Movies by Flixster has a very interesting design history. The developers behind this app are usually among the first to adopt new Android design guidelines—they had a Honeycomb-style action bar back when the Xoom was the only Android tablet around—and today it got another new refresh. The good news is that now it looks better on the Nexus 7, as opposed to the broken mess it was before. Now, for the bad news.
Mapsaurus, released today by a developer team of the same name, is perhaps the new app to end all new apps. By pairing an interactive map of Google's Play Store with an intuitive UX, Mapsaurus takes app discovery to a new level – not just of ease, but also of convenience.
The app, which promises to help users "discover apps you never would have known to search for," can branch out an interactive web of apps and games based on apps you already have installed, curated subcategories, or general categories and function sets.
Leave it to Comcast to be ahead of the curve on keeping up to date with new technology*. The Comcast subsidiary Xfinity has just updated its TV Player app to be compatible with Android 4.1, with special emphasis on supporting the Nexus 7. The app is technically compatible, though the release notes say that the next version of the app will include a UI designed specifically for the 7" form factor.
Aiming to "unlock the world's creativity," the team at Fluid Software recently completed a project that began in January 2011 with the release of Fluid UI 1.0. The tool, which is powered by HTML 5 and based online, allows users to quickly and easily create mobile UI mockups for Android (both tablets and phones), as well as iOS using a simple interface that includes all of the basic building blocks (clip art icons, navigation elements, system bars, etc.) for beautiful, style-guide friendly interfaces.
I have a confession to make: I don't use ringtones. Most of the time, my phone is on vibrate, and when it's not, I insist that my ringtones actually ring. However, if I were to use custom ringtones, Ringtonium is the app I'd use to set them up. This app is beautiful. In a way that few apps are. The interface is brilliantly easy to use and accessible to even the most tech illiterate users.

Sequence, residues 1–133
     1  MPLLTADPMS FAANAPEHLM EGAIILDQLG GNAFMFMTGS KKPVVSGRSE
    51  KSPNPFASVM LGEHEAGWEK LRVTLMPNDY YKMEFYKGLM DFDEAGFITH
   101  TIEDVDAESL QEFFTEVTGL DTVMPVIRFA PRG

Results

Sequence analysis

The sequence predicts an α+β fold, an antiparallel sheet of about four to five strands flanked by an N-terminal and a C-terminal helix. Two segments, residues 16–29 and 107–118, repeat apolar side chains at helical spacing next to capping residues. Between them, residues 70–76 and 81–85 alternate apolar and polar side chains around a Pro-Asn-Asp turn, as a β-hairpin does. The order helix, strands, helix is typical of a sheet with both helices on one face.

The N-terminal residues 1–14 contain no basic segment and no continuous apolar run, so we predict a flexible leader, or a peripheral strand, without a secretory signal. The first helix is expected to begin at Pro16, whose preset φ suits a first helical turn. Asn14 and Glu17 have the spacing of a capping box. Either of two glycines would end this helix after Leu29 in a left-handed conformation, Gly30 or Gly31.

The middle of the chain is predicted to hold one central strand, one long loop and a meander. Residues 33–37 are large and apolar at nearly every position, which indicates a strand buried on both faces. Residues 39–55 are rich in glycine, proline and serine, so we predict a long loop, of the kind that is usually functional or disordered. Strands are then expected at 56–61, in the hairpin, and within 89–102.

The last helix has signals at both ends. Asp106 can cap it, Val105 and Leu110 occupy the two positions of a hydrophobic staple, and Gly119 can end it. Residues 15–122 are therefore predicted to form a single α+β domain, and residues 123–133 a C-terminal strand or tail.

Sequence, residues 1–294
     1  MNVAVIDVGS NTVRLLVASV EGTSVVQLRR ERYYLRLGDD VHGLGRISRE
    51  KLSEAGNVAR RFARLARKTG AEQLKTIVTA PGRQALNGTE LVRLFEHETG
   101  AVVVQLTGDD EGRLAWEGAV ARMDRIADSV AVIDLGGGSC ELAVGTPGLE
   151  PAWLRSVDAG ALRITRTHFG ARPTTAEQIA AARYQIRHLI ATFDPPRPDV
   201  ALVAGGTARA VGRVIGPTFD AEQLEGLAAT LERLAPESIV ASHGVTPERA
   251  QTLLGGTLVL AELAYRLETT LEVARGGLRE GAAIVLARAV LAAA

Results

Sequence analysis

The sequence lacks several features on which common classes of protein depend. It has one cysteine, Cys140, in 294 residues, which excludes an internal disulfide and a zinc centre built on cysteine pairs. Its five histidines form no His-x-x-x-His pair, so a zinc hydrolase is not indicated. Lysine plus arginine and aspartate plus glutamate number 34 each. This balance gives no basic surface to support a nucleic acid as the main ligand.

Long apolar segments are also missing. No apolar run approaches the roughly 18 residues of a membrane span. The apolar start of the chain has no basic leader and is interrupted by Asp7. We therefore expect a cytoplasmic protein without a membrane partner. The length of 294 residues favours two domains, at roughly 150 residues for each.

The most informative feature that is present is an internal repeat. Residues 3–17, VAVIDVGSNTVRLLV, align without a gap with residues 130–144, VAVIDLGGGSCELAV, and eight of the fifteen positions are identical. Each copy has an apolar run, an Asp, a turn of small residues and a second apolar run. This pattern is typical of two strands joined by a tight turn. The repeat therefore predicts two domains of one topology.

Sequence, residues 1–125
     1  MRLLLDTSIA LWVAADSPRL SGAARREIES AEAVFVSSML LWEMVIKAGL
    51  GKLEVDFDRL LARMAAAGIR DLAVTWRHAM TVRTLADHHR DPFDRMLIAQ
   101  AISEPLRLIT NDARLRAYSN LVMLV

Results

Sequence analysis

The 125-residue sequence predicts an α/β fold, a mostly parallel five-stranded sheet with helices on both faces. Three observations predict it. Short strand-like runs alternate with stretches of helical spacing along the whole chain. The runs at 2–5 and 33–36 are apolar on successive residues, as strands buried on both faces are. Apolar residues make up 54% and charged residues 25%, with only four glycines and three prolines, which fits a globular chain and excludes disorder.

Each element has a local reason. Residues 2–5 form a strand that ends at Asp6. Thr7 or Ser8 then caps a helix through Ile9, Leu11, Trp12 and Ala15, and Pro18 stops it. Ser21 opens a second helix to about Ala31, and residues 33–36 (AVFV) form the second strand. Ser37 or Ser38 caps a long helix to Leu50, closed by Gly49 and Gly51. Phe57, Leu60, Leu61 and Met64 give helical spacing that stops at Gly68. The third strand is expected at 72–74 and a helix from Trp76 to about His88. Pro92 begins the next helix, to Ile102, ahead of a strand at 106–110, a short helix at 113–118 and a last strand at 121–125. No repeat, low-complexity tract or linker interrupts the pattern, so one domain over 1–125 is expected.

Google Currents has always been a pretty impressive app - arguably the best Android news aggregator around town. Especially praised has been its beautiful UI; however, that didn't stop Google from looking at what it had and making it even better.
Indeed, the app just hit version 1.5.1, and the UI has been updated to "Android standards." Notably, the top navigation bar now features "auto hide" and "touch-to-show" controls, and it includes the library/trending toggle that was previously located elsewhere.
Sony just announced its Internet Player, and Google is continuing the Google TV news with a revamp to its Google TV landing page. The site gives users a brief overview of what the platform does. Most notably, the "How It Works" page explains the distinction between the two types of Google TVs: integrated and what is apparently now known as "buddy box" style.
The site also now lists many of the major Google TV products, which aren't all that numerous.
Google's Android Developer's site got a massive overhaul today, with a brand new UI, tons of new features, and a unified guide for developers on how to design, develop, and distribute their apps all in one place. The new site is fantastic-looking. Clearly Google wants to engage developers more and give them more guidance on how to succeed on the Play Store. So, what say we take a tour?
For anyone who's been kept in the dark, or just doesn't know everything there is to know about Android yet, Google's provided newcomers with a section just to tout the advantages of developing for Android.
With the introduction of Draw Something's "fresh new look!" update a couple of days ago came many design changes, not all of them entirely great. Just for fun, I decided to take a shot at making Draw Something's design slightly "fresher," or at least slightly more sensible. Just like my last design critique, I'll start by taking a look at what issues the current design has, and then make a few suggestions (with some quick mockups) as to what I think could be improved.
Motorola introduces a novel idea with its Atrix phone: a lapdock. The idea was simple. All these Android app can be extremely productive, so why limit them to a single, small screen? Plug your phone into the lapdock, use its frankly-over-powered processor to run a larger screen with a keyboard and trackpad. Well, that's exactly what the ClamBook does. Only it does it way better.
As you can see in the renders above, when most phones are plugged in, you're presented with a tablet-styled UI.